Ars Technica‘s Lee Hutchinson has written a must-read, first-hand account on what it’s like to use 3D printers. Ostensibly a product review, this blow-by-blow account details the frustrations, disappointments, and failures of this highly touted technology. And it quickly lets the air out of the ” second industrial revolution” balloon:
In spite of their impressive names, these are not Star Trek-style replicators. These are machines that extrude thin tubes of plastic and draw shapes layer by layer. They are hot, noisy, and slow. They take hours to make small designs, and every moment that they’re running is punctuated by the musical robot noise of shifting stepper motors.
No one will be surprised that an accomplished actor like Kevin Spacey knows how to talk on stage. And very few will be roused by his thesis – that creative people, and not finance, are the driving force of top entertainment.
But Spacey’s recent McTaggart Lecture at the Edinburgh Festival is a tour-de-force of speech-making. Even at 45 minutes, the structure of his argument is built with pinpoint precision, and the speech is, from beginning to end, a masterful blend of personal anecdote, insider gossip, self-mocking humor, and convincing data.
Two highlights: near the beginning, as Spacey recounts Jack Lemmon’s influence. And at 35-minute mark, where he bursts the myth of this generation’s short attention span by pointing out that viewers are routinely taking in an entire TV series “three times the length of an opera” in a single weekend. Worth watching in full.back to top
Pedestrian Observations, a surprisingly readable blog on public transportation, argues that most reactions to Elon Musk’s proposal for a high-speed rail “hyperloop” between LA and San Francisco have been little more than “stenography.” The blog goes on to offer some very welcome second thoughts about the feasibility of the entire enterprise:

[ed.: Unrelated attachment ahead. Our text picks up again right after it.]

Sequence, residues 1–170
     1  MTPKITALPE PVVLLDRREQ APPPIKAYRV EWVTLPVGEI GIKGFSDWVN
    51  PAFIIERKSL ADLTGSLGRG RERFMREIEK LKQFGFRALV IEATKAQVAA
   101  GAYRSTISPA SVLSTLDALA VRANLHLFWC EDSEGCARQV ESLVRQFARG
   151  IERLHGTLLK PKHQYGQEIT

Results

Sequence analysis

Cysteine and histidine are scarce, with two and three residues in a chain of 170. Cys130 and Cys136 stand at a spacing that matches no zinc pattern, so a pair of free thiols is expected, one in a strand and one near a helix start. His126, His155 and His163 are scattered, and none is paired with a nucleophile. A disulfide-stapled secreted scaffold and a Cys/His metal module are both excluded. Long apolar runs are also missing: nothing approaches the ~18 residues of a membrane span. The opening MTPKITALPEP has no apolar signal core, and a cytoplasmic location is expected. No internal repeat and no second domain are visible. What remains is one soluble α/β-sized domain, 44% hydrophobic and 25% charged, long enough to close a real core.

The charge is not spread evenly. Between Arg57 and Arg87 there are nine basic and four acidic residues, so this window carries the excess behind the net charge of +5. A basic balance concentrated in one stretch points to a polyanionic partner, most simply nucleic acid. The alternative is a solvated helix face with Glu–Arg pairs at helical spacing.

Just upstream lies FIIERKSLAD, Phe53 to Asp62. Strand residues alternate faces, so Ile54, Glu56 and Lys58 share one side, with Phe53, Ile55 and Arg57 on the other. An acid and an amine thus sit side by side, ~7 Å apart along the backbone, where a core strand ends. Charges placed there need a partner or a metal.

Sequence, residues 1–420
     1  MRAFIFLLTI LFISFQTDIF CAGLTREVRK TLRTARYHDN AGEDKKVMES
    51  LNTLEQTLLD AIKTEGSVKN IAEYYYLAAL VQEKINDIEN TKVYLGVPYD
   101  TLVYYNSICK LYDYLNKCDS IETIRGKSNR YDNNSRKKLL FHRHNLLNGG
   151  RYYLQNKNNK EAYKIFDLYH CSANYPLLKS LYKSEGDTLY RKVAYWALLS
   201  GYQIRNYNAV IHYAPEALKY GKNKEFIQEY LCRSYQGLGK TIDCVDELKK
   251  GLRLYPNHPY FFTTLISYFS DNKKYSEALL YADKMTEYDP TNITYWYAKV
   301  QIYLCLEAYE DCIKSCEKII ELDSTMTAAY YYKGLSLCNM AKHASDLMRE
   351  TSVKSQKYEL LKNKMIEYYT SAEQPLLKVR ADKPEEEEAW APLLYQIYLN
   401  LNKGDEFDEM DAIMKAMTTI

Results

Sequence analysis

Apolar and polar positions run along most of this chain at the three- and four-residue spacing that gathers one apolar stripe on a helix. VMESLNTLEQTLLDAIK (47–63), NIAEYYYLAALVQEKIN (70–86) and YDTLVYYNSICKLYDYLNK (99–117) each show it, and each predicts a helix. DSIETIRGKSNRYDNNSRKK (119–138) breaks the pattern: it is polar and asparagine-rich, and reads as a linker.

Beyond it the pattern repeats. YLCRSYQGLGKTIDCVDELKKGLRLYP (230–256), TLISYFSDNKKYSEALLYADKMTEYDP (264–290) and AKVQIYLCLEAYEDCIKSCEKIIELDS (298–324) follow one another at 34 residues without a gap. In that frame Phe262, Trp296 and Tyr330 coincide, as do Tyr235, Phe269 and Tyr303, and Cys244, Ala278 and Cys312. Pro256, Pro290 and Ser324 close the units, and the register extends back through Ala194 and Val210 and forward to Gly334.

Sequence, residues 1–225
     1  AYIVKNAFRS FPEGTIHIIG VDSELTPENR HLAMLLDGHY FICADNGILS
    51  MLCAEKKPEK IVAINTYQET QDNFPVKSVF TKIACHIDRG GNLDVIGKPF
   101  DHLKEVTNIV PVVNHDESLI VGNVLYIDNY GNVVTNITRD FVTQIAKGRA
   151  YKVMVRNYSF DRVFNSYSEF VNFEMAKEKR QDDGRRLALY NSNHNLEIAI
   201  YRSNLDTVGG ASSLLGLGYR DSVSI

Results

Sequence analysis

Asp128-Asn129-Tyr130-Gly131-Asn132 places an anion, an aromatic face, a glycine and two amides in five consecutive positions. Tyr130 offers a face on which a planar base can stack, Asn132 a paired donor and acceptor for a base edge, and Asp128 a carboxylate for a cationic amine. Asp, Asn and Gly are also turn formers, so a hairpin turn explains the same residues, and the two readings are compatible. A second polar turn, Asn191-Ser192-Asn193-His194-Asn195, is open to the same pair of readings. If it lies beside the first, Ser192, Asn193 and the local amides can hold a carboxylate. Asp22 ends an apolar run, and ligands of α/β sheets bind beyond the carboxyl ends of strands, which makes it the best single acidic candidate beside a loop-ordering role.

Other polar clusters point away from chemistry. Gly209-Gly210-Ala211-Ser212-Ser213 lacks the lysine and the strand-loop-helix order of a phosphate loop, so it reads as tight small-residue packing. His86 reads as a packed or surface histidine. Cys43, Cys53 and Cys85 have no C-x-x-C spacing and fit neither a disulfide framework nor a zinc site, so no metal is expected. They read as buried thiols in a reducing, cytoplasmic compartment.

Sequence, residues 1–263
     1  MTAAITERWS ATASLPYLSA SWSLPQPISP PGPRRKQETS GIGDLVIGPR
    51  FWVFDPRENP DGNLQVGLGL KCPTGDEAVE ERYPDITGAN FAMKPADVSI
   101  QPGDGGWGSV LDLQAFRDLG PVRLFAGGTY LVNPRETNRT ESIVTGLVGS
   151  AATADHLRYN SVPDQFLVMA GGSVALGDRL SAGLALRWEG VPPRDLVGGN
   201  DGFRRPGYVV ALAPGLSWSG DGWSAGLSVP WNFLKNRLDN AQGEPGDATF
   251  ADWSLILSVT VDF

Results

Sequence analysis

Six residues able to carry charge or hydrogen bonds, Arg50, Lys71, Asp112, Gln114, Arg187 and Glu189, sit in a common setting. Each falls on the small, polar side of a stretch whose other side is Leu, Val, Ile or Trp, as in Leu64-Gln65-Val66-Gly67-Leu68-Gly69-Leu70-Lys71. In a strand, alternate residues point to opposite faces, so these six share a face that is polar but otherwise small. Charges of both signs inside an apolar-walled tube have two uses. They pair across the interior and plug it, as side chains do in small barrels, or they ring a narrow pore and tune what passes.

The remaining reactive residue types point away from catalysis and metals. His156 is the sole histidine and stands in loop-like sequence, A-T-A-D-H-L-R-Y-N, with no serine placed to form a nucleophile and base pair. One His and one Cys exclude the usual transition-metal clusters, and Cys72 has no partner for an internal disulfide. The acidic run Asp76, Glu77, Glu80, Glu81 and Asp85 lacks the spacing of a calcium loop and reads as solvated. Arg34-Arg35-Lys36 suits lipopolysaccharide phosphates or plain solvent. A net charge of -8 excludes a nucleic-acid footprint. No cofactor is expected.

My specific problems are that Hyperloop a) made up the cost projections, b) has awful passenger comfort, c) has very little capacity, and d) lies about energy consumption of conventional HSR. All of these come from Musk’s complex in which he must reinvent everything and ignore prior work done in the field; these also raise doubts about the systems safety that he claims is impeccable.
Elmore Leonard, author of countless funny, cynical crime novels, died this month. As a sidebar to his obituary, The New York Times republished Leonard’s 2001 column on “rules for writing.” Though mostly for novelists, it does offer some broader advice. Rule #3, for example:
Never use a verb other than “said” to carry dialogue.
The line of dialogue belongs to the character; the verb is the writer sticking his nose in. But said is far less intrusive than grumbled, gasped, cautioned, lied. I once noticed Mary McCarthy ending a line of dialogue with ”she asseverated,” and had to stop reading to get the dictionary.
Interesting report on the psychology and economics of how airlines design the passenger boarding process. Though painfully familiar to business travelers everywhere, this NPR report suggests United may have figured something out:
United reduced the number of boarding groups from seven to five while adding lanes in gate areas – from two to five at big airports. That’s designed to eliminate “gate lice” – the name that road warriors use for those anxious passengers with big carry-ons who cause a traffic jam by creeping forward long before their group is called.
Every August, a loose group of academics and Europeans seem to emerge, armed with new data demonstrating that Americans are suffering from “an epidemic of overwork.” They’re at it again, and this time their knives are out for email, long meetings, and the culture that produced Sheryl Sandberg’s Lean In. Nonetheless, this column in The Economist features some of the best quotes on the virtues of laziness, including Peter Drucker’s advice about how to respond to outside requests:
One of the secrets of productivity is to have a very big waste-paper basket to take care of all invitations such as yours.